Harnessing Open Data

Open data can be described as valuable data provided at no cost by an institution or a research organization for public use. Open Data establishes a central location of data delivery and defines a standard format of data exchange. This eliminates the overhead of duplicate data stores and harmonization of data sets at the consumption sites thereby, promoting ease of use and re-distribution of data.

The Open Data initiative promotes the concept of making the government more open to public, in other words increasing transparency within the government.

By introducing data.gov the United States Government has created a platform to increase transparency and accountability of agencies. United Kingdom, one of the pioneers of the concept of open

government, launched data.gov.uk to make non-personal government data accessible to the public.

Releasing valuable Government information securely encourages interoperability and allows the expansion of knowledge, as well as newer insights to social and economic values leading to several areas of data application.


Also opening data through the primary source (the master source of information) itself prevents data corruption. Open government initiative encourages collaboration and the usage of untapped Government data. With open data the users simply focus on integrating and processing various datasets without the overhead of costly storing processing, this promotes innovation as it opens up limitless possibilities to use data. Open data has already created value in various areas including improving efficiency and effectiveness of Government services, encouraged innovation, research and the development of new products.


OpenFDA project was launched in 2013 in beta mode by the Taha Kass-Hout, The Chief Health Informatics Officer of FDA, to deliver FDA information using the concepts of open data. openFDA is an elastic search-based API delivering current FDA data sets in a standardized form. Thus far, OpenFDA released data services for adverse events, and drug product labelling and recall enforcement reports (in beta release for developers and not to be used for clinical purposes).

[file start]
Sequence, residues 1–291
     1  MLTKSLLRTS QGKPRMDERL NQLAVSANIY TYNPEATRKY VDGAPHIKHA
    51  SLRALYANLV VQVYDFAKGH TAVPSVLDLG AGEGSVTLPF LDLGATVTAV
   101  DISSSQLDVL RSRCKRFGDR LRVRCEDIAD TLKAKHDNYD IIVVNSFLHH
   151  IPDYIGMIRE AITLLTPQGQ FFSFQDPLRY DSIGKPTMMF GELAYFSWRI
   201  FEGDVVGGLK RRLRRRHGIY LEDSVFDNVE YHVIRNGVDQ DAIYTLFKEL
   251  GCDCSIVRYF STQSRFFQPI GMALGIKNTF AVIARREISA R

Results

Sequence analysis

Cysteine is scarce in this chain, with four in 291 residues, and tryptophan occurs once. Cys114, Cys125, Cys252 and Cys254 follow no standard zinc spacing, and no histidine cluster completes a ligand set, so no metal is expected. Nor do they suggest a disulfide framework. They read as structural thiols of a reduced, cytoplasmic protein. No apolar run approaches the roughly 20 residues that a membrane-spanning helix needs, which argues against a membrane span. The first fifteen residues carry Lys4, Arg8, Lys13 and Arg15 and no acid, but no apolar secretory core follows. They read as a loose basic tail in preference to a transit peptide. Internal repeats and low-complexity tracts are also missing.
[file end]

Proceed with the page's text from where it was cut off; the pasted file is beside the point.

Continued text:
Government agencies, businesses, developers and Citizens can harness the datasets provided by openFDA to extract valuable information to drive policy and health care decisions.

The following are few examples of Data Analysis Reports using data from open FDA APIs. These examples cover different data sets currently available including adverse events, labelling submissions and food Recalls data .

OpenFDA Drug Adverse Events and Labelling Summary

This is a Drug Adverse Events and Labling summary dashboard developed using Tableau and openFDA API.

The upper segment of the dashboard illustrates the drug adverse events reported through different sources on a monthly basis from the year 2004 to 2014. Variations in color indicate the source of the report. The number of adverse events reported has significantly increased over a decade. Manufacturers seem to have reported the maximum number of adverse events.

Adverse event is reported to the FDA when any kind of inconvenience is experienced by a patient as a result of using a particular drug. Everyone associated with the product has the right to report an event caused by the product.

The bottom half of the chart presents summary of Drug labelling submissions released by FDA . The dashboard demonstrates an Increase in the number of labelling submissions from 2009 to 2014. Such visuals offer users to draw important insights which could drive us closer towards newer inventions or improvise existing solutions. With openFDA the users can now just focus on data analysis and simplifies the life of developers and researchers.

Drug Adverse Events Report by Country (Log-scale)

The map below visualizes geographic distribution of the adverse events that were reported worldwide during the first quarter of the year 2013. FDA Adverse event reporting system (FAERS) is the source of data that was used to create this dashboard.

Adverse events were reported by the countries colored in green. No data was reported by the countries marked by the gray. The color shade varies based on the count of adverse events informed, darker the green the higher number of adverse events. Data is log-transformed since the numbers are greatly skewed. United States has 6.221, the highest number of adverse events reported during this time period. Meanwhile, countries in Africa have not reported any such events.

OpenFDA Adverse Events Summary

The overall number of adverse events reported monthly to the FDA from the year 2004 to 2014 are illustrated in first panel. It illustrates visually, event status, event type, source of the adverse events, and the number of adverse events reported in that decade.

FDA Food Recall Events Summary

Interactive report that summarizes the food recall events reported to FDA starting from January 2004 to November 2015. It incorporates various panels that visualize detailed information such as, the status of the recall, severity of threat, recall events, names of firms issuing the recalls, aging report, and a timeline showing the number of recalls. Events section on the bottom lists in detail about all the recalls during this time frame.

Share this post